Unlike most of the trials Liu Shuhan handled in the past, which consumed large amounts of time and energy, innovative trial was held at the Beijing Internet Court & the judge in Beijing concluded a case in just 40 minutes last month, and the litigants didn’t even have to show up in court.
The hearing-a dispute over an online shopping contract-was conducted online, so the plaintiff and defendant addressed the court via electronic screens.
The innovative trial was held at the Beijing Internet Court, where all the procedures-including case filing, evidence exchange, hearings and delivery of verdicts-are conducted online.
“Thanks to the new way of conducting hearings, I can handle about 50 cases a month. That’s double the number I could hear before,” said Liu, who has worked for the court since it opened in September.
“Solving cases online can save time and expense for litigants (as they do not have to travel to the court), while improving judicial efficiency and transparency.”
With more than 800 million internet users nationwide, e-commerce disputes and online infringements have clogged China’s courts in recent years. In response, the first internet court opened in Hangzhou, capital of Zhejiang province, in 2017. Last year, Beijing and Guangzhou, capital of Guangdong province, followed suit.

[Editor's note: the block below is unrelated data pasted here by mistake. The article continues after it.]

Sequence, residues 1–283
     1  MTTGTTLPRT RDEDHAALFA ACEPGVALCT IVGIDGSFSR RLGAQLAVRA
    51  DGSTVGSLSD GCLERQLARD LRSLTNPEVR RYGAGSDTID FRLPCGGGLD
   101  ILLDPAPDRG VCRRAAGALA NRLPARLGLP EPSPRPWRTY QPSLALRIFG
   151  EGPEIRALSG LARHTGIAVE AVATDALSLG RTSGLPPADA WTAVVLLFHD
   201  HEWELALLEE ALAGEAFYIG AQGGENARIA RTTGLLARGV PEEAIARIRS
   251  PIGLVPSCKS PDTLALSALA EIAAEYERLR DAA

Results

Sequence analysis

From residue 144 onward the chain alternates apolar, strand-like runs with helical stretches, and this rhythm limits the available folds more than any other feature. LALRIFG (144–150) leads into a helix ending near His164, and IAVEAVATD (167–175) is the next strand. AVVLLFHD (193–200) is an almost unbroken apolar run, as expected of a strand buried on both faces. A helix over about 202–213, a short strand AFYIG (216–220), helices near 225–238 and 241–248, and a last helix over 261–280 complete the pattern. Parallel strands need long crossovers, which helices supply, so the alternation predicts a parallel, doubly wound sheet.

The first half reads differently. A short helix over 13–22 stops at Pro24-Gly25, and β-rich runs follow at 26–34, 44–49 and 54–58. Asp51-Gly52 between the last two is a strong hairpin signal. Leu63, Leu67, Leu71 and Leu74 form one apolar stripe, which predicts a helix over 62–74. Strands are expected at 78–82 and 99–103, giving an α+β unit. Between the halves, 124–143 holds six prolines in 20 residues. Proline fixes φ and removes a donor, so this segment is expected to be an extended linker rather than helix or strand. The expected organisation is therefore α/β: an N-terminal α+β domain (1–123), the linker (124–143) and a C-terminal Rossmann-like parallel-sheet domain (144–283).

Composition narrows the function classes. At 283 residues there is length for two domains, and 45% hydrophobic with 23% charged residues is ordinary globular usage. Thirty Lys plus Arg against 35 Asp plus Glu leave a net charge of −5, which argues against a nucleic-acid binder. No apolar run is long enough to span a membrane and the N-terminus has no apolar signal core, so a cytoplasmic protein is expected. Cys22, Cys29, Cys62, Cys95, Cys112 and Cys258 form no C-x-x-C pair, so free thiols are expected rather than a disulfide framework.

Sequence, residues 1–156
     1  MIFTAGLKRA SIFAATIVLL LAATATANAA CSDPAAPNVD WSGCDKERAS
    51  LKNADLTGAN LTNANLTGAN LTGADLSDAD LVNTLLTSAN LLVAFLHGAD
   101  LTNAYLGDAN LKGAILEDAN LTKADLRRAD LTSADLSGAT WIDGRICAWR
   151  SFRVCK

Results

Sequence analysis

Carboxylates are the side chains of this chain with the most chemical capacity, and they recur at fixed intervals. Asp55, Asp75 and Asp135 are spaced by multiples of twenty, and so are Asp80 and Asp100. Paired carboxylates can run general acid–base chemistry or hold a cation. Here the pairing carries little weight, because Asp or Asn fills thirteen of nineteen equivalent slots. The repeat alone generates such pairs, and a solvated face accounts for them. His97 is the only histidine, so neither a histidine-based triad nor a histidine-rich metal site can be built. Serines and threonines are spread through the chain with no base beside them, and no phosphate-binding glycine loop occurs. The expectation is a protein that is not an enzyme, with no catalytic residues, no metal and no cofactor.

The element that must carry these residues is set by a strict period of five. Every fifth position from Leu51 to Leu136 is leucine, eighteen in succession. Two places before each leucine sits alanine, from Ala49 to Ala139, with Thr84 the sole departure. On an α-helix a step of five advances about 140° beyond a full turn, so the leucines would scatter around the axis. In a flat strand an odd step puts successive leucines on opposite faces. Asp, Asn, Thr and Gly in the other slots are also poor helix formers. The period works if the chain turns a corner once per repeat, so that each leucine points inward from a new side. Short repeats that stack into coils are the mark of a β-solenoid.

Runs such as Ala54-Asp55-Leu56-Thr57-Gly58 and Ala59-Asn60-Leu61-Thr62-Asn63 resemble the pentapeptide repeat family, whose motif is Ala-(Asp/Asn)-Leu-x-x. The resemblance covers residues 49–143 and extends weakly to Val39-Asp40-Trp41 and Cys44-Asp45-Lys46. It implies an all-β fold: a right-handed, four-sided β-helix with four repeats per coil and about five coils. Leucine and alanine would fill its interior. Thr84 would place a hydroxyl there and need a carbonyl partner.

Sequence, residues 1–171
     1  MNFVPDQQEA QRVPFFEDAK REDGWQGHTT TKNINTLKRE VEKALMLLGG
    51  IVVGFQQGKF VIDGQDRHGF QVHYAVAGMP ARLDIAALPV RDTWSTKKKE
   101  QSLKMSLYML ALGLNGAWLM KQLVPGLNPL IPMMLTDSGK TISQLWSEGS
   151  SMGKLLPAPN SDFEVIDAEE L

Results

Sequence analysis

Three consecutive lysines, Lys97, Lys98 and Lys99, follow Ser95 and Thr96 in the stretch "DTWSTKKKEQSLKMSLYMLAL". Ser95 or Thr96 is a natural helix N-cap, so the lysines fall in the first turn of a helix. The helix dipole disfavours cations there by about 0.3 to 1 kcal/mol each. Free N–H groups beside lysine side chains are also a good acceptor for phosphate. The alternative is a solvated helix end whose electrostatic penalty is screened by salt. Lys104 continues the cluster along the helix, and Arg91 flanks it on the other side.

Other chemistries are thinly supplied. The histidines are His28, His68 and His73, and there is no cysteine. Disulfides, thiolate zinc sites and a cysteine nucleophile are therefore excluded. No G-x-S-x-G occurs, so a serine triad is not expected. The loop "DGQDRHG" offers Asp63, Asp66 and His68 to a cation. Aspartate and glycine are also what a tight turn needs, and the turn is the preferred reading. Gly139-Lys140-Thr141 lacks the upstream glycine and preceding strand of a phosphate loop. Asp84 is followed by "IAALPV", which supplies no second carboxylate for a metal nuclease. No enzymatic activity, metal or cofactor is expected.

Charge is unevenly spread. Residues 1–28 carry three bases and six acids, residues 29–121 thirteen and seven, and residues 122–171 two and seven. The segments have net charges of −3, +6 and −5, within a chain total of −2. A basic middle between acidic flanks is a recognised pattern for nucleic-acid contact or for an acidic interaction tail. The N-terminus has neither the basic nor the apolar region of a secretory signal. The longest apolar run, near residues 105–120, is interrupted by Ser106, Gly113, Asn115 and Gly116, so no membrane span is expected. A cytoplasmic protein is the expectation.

A recent guideline from the Supreme People’s Court, the country’s top judicial body, stipulated that online courts would be responsible for hearing internet-related disputes, such as those regarding online loans, purchasing contracts and copyright issues, along with cases involving intellectual property rights.
In February, the top court issued its judicial reform plan for the next five years. The document stated that the dissemination of verdicts online, which has worked effectively in the internet courts, will be extended to more tribunals to cut delivery times.
Gao Zicheng, a lawyer in Beijing, praised the convenience cybercourts bring to litigants, adding that the quicker a dispute is resolved, the better justice can be upheld.
However, Ma Yide, a professor who specializes in intellectual property rights at Zhongnan University of Economics and Law in Hubei province, expressed concern, saying the scope of internet courts should not be expanded too quickly.
Ma said the use of technology and the internet in litigation should be conducted prudently to prevent judicial data from being hacked and to ensure that online hearings are handled in a seemly manner.